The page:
I care about EVERYTHING. Here are some things I care about and in no particular order:
Did I care too much?
Then I decided to tell the students openly and honestly how I felt, so I recounted the exact same story of how my husband had asked how my first week went and I had cried. Almost immediately, I could feel the air in the room had totally changed: gone were the attitudes, students started sitting up, paying attention, speaking English, and actually doing the activities. The change was palpable.
Had I not cared enough to tell them, would they have cared enough to change?
At a ladies lunch this past week, an expat friend lamented about how she felt judged for showing up at school not dressed to the nines. Her comment was greeted with "WHAAAT?!" all around, and another expat friend chimed in saying that she felt judged for driving the "crappiest" car of all the hagwon ("after-school academic center" in Korean) owners when she used to own a hagwon.
"What kind of car do you drive?" I asked, half expecting her to say a Honda or a Toyota.
"A Chevrolet Spark," she replied. Again, she was met with a chorus of "WHAAAT?!"
More and more stories were revealed about the pressure to look, act, dress a certain way. As the ladies were talking, I started thinking: Why do women put that kind of pressure on other women? I mean, let's face it, if we could, we would all walk around in our pajamas, right? Or was it a matter of caring? Did the women who dressed up care too much about how they looked? And for the women who didn't get dressed up, did they care too much about what people would say if they didn't? After all that's said and done, shouldn't we be worried about what kinds of mothers people are on the inside, rather than how they dress on the outside?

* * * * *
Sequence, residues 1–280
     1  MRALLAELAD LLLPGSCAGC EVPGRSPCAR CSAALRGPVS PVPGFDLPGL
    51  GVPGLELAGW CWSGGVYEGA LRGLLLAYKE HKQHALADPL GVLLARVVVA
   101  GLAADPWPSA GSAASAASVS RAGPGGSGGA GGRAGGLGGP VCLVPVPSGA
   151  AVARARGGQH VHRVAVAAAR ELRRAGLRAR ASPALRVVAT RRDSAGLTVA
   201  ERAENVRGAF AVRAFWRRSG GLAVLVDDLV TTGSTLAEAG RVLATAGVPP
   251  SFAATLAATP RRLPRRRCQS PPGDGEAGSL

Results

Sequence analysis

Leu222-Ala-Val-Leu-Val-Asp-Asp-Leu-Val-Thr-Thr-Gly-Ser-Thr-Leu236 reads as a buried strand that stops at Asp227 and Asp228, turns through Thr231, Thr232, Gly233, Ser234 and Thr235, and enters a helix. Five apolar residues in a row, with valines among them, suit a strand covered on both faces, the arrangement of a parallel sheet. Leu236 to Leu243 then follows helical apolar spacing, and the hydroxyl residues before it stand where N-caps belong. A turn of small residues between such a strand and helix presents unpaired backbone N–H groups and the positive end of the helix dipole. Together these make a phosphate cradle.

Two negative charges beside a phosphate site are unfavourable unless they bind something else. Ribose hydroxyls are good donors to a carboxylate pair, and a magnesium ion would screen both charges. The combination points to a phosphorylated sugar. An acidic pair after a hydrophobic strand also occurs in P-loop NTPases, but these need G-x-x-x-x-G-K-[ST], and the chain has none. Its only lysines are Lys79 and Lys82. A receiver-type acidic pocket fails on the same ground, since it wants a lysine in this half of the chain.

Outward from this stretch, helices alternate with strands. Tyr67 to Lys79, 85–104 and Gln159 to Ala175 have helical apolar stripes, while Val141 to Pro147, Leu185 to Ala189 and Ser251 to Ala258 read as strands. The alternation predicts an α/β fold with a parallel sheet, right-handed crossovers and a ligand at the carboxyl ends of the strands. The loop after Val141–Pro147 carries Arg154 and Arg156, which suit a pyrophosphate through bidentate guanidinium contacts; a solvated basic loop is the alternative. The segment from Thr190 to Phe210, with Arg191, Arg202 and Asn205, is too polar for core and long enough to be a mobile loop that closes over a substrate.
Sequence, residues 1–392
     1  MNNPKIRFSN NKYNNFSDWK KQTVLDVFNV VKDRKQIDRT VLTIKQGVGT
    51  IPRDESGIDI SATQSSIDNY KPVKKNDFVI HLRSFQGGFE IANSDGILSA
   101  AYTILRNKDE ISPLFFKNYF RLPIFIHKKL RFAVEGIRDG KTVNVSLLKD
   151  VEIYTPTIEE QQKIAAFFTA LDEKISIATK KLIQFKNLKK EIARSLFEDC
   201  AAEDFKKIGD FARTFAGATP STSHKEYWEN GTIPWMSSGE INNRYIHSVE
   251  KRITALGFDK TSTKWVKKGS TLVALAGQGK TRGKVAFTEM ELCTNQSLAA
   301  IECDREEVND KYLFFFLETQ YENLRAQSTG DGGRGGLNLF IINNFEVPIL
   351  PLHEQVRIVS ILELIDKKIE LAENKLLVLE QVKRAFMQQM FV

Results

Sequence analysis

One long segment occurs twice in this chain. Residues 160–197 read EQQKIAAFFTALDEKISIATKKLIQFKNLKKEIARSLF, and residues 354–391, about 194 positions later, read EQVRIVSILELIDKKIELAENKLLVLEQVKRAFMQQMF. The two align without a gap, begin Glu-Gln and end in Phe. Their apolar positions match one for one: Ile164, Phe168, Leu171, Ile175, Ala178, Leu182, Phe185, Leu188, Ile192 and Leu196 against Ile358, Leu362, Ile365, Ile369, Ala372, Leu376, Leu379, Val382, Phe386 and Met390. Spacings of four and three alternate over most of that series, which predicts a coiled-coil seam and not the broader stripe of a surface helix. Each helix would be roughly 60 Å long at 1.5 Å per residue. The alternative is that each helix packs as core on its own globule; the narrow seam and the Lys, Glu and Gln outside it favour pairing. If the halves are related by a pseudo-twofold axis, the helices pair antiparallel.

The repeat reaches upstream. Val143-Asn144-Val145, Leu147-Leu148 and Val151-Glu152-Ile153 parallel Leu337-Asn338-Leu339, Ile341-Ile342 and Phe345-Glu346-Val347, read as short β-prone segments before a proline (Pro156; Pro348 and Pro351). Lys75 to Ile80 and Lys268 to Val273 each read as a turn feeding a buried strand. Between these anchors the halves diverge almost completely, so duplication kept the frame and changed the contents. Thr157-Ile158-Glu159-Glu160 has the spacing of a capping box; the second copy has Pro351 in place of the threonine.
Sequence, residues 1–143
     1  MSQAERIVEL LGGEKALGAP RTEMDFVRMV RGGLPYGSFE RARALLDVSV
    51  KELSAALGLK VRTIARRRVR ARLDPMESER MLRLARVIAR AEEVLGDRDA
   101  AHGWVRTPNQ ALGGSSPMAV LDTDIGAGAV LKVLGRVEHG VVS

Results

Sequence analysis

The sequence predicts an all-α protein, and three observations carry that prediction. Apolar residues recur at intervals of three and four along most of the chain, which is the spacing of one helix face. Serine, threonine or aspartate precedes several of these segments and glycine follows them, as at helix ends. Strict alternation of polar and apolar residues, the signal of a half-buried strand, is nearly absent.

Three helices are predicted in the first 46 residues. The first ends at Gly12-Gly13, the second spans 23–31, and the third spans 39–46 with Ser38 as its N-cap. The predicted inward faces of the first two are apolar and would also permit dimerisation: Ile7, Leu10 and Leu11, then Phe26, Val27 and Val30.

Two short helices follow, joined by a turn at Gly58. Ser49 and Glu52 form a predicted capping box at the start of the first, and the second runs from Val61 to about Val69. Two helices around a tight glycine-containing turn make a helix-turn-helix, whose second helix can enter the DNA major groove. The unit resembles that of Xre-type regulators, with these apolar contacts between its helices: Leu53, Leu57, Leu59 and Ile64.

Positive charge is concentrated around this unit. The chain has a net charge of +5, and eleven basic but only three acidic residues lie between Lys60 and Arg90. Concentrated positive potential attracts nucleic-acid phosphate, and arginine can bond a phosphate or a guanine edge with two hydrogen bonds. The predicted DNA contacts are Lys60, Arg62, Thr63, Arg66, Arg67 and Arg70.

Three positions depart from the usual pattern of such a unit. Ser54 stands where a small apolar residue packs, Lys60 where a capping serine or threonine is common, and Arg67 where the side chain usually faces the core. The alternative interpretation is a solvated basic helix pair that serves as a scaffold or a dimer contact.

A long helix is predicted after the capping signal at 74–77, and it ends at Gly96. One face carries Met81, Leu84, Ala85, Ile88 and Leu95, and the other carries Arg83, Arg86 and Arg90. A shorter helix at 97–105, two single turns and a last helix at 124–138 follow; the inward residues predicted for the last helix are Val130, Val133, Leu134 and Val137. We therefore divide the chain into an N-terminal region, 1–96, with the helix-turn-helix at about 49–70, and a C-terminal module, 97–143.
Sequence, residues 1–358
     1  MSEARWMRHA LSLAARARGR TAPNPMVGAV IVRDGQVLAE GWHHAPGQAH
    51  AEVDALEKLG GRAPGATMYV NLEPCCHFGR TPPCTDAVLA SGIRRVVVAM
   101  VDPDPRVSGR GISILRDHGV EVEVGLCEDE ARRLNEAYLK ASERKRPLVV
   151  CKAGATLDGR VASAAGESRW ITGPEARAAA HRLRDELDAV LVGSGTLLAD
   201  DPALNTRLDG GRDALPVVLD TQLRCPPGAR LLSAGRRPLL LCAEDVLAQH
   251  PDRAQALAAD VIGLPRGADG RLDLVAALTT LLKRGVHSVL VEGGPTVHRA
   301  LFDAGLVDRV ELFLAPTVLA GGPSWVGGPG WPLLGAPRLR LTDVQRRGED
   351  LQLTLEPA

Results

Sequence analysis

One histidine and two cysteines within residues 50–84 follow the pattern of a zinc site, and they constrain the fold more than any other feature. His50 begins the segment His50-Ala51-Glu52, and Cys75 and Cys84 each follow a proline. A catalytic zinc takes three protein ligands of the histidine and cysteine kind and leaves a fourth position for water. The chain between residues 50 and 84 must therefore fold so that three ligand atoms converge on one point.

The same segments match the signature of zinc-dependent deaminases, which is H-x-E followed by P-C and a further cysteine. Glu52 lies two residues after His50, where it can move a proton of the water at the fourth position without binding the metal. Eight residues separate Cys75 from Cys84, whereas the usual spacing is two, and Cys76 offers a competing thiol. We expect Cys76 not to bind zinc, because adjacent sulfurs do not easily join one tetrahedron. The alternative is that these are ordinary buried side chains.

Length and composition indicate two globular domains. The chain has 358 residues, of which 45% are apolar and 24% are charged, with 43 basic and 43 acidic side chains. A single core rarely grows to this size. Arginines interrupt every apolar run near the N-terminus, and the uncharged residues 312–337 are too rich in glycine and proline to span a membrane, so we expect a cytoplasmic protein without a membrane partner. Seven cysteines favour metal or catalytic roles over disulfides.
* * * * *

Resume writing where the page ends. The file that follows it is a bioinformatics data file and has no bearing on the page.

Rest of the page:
Perhaps all the caring was misdirected. Imagine if all of that energy put into caring about what other people thought was put into caring about themselves?
During this past week at GMUK, I cared a little bit less--about 10% less. Even though there were a few students who seemed spaced out, not paying attention, chatting with their friends, I didn't take it personally. As a student myself in Bootcamp, I was recently "caught" chatting with another friend during an exercise. I loved my Bootcamp class, I loved my instructor, and I loved my fellow class-mates. It was nothing personal. As humans, we get distracted, we want to catch up with friends, and try our darndest to multi-task, knowing it's a dying art.
So I guess my takeaway is care, but care 10% less about what (you may perceive) people are thinking of you. Use that extra 10% to care for yourself.
Happiness coach, Theta Healer, author, WITH warrior.